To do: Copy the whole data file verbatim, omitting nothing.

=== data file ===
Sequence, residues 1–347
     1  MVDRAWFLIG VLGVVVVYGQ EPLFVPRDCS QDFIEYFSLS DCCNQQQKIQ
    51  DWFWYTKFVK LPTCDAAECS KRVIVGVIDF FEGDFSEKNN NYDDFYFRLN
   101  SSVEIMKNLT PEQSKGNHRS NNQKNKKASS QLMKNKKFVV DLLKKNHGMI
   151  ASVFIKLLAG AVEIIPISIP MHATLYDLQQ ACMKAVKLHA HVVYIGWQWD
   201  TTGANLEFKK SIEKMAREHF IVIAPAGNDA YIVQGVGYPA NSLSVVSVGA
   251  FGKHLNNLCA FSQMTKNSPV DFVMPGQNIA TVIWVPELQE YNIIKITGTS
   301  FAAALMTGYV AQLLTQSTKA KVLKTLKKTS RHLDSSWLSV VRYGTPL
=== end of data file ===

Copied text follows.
Sequence, residues 1–347
     1  MVDRAWFLIG VLGVVVVYGQ EPLFVPRDCS QDFIEYFSLS DCCNQQQKIQ
    51  DWFWYTKFVK LPTCDAAECS KRVIVGVIDF FEGDFSEKNN NYDDFYFRLN
   101  SSVEIMKNLT PEQSKGNHRS NNQKNKKASS QLMKNKKFVV DLLKKNHGMI
   151  ASVFIKLLAG AVEIIPISIP MHATLYDLQQ ACMKAVKLHA HVVYIGWQWD
   201  TTGANLEFKK SIEKMAREHF IVIAPAGNDA YIVQGVGYPA NSLSVVSVGA
   251  FGKHLNNLCA FSQMTKNSPV DFVMPGQNIA TVIWVPELQE YNIIKITGTS
   301  FAAALMTGYV AQLLTQSTKA KVLKTLKKTS RHLDSSWLSV VRYGTPL